Fact Sheet: 112,000 Americans Find Work in January
Unemployment Rate Below Average Level of 1970s, 1980s and 1990s
- New job figures released today and other recent indicators show that America's economy is strong and getting stronger, and that the President's jobs and growth plan is working. According to the payroll survey, 112,000 new jobs were created in January - the largest monthly increase since December 2000 - and 366,000 jobs have been added over the last 5 months. The national unemployment rate in January continues the steady decline from 6.3% in June 2003 - the fastest 7-month decline in nearly a decade. According to the household survey, at 5.6% the unemployment rate is below the average of the 1970s, 1980s, and 1990s.
- Initial claims for unemployment insurance continue to be low and over the last month have averaged less than 350,000, a level consistent with a declining unemployment rate. With strong sales and improving profits, companies will be more likely to hire new workers in the days and months ahead. And because of the continuing effects of tax relief, workers will continue to keep more of what they earn in the future.
Background on Recent Economic Indicators
Other recently-released data reinforce that the economy is strong and growing stronger:
- Real GDP grew 6.1 percent at an annual rate in the second half of 2003, the fastest 6-month growth rate in nearly 20 years.
- The separate household survey showed an increase in employment of 496,000 jobs in January. The labor force increased by 422,000, and the number of unemployed fell by 74,000.
- Productivity continues to fuel growth in the U.S. economy. Productivity growth from 2000 to 2003 was the fastest 3-year growth in more than 50 years.
- Consumer confidence is at its highest level in 18 months, and is rising. Consumers' expectations about employment are at their highest level in nearly 20 years.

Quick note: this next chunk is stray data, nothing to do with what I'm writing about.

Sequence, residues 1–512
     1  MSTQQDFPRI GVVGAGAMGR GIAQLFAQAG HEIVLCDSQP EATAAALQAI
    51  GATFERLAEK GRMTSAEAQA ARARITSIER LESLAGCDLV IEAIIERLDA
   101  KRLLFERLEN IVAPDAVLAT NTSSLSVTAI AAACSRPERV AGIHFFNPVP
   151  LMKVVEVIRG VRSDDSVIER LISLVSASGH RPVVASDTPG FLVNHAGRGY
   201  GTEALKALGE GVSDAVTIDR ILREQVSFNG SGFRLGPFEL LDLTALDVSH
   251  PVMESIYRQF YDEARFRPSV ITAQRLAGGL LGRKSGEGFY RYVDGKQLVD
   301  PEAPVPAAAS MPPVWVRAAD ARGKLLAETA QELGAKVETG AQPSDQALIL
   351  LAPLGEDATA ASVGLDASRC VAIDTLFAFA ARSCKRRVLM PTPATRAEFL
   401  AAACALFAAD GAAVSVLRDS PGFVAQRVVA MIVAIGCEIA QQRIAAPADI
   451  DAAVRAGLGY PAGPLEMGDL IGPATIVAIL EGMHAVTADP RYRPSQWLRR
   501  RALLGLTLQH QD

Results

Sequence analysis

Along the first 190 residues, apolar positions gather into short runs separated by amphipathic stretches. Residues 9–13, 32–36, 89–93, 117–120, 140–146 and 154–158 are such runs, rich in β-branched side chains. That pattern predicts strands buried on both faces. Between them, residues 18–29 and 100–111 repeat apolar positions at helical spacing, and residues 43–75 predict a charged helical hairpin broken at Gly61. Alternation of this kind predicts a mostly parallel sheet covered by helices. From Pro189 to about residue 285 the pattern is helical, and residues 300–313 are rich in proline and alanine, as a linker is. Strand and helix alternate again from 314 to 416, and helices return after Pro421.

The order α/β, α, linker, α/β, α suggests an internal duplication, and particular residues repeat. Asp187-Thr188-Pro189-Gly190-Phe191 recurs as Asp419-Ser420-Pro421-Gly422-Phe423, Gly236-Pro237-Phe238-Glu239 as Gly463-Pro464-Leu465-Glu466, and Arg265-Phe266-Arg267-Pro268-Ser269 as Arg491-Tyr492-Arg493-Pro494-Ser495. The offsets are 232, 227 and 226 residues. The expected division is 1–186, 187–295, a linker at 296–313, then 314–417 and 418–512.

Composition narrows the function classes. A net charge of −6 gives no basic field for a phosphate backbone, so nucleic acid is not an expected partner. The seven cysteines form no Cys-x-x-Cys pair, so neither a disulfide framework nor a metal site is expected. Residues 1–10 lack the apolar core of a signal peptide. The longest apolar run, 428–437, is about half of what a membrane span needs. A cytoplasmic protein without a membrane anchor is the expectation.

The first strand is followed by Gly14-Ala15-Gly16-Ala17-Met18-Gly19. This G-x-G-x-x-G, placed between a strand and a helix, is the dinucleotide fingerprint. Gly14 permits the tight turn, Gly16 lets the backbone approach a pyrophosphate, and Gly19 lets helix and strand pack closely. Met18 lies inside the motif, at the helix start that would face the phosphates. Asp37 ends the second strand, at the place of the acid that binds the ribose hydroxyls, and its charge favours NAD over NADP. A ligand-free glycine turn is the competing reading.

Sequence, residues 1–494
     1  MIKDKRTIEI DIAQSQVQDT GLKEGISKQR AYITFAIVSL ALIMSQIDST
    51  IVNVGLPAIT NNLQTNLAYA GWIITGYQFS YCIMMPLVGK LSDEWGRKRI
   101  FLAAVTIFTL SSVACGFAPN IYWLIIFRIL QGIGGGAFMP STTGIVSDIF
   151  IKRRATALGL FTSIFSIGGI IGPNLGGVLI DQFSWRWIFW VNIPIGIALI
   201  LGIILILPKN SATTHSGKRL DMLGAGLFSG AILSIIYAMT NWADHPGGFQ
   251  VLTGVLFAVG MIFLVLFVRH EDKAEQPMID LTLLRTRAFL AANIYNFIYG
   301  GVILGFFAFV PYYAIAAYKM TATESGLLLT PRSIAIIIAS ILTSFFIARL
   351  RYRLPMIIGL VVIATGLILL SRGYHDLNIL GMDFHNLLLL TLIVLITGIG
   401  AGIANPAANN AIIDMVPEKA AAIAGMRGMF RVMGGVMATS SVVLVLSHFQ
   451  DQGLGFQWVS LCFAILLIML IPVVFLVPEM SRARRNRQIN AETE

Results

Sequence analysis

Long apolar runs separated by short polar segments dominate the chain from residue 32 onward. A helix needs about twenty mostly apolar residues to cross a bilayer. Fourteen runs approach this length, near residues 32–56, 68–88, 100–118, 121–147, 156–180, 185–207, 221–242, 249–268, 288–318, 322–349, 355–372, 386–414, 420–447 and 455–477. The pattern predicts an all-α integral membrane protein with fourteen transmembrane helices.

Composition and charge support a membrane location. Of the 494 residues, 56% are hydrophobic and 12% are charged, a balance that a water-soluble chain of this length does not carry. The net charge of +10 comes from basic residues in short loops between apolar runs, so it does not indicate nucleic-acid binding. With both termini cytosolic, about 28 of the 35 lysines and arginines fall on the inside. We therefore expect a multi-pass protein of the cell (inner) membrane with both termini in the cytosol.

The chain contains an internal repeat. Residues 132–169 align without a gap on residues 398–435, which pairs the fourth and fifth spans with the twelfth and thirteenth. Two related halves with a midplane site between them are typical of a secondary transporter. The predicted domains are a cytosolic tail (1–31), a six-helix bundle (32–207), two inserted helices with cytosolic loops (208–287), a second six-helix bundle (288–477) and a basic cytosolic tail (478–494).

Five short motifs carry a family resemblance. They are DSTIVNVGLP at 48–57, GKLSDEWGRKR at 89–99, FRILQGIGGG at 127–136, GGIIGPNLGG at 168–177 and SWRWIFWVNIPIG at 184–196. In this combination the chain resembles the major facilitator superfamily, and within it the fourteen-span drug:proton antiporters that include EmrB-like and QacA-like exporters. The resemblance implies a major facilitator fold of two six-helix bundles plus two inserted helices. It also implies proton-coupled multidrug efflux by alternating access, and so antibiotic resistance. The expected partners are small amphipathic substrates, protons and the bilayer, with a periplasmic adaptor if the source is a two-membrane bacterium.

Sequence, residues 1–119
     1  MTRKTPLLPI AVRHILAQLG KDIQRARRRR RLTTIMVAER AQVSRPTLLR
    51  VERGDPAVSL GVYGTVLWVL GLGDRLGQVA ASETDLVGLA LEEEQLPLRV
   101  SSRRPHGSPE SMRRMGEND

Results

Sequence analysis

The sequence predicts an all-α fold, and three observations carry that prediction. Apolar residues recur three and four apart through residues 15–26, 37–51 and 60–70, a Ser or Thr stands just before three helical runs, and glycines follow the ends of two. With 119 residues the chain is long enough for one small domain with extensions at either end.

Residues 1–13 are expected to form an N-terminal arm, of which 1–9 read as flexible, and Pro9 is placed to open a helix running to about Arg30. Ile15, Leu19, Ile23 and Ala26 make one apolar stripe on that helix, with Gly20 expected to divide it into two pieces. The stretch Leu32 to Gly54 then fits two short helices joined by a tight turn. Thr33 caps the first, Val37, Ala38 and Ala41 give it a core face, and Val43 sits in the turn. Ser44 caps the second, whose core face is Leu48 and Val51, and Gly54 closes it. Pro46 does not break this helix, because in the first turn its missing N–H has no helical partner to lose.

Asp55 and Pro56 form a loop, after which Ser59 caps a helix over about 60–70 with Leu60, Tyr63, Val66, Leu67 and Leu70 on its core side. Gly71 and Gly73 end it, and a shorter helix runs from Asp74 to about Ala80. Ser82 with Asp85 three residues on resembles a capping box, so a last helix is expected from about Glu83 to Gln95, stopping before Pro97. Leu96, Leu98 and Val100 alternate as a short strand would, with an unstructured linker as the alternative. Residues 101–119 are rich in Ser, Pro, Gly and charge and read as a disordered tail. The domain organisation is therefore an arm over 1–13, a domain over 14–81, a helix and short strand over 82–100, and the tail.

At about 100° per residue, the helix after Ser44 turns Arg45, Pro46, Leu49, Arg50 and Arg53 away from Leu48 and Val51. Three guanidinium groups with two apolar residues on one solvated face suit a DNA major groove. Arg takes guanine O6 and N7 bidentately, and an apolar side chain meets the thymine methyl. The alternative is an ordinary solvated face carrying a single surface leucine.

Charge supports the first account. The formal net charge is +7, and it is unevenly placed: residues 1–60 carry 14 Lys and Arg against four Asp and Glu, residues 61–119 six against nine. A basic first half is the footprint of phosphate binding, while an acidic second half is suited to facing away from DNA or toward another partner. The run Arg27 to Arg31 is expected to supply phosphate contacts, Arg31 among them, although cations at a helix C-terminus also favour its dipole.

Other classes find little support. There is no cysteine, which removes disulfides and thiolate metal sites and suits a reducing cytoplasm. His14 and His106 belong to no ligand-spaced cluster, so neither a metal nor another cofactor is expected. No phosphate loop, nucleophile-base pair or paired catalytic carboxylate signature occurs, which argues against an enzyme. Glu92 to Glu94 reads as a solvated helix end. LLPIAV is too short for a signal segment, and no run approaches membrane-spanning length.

- The composite index of leading indicators has increased about 3.5 percent over the last 9 months'the fastest 9-month increase in nearly 20 years.
- Growth in factory orders remained solid in the fourth quarter after a very strong third quarter, and manufacturers report that increases in business activity and new orders are as widespread as at nearly any time in almost 20 years.
- Businesses outside of manufacturing also report widespread increases in activity and new orders. In January, the ISM index of non-manufacturing business activity reached its highest level since the survey began in 1997.
- Housing construction in 2003 was the strongest in 25 years.
- The President will not be satisfied until every American looking for work has found a job. The President has outlined a six-point plan for building on the success of his jobs and growth agenda to create even more job opportunities for America's workers including: making health care costs more affordable and predictable; reducing the burden of lawsuits on our economy; ensuring an affordable, reliable energy supply; streamlining regulations and paperwork requirements; opening new markets for American products; and enabling families and businesses to plan for the future with confidence by making tax reductions permanent.
George W. Bush, Fact Sheet: 112,000 Americans Find Work in January Online by Gerhard Peters and John T. Woolley, The American Presidency Project https://www.presidency.ucsb.edu/node/281264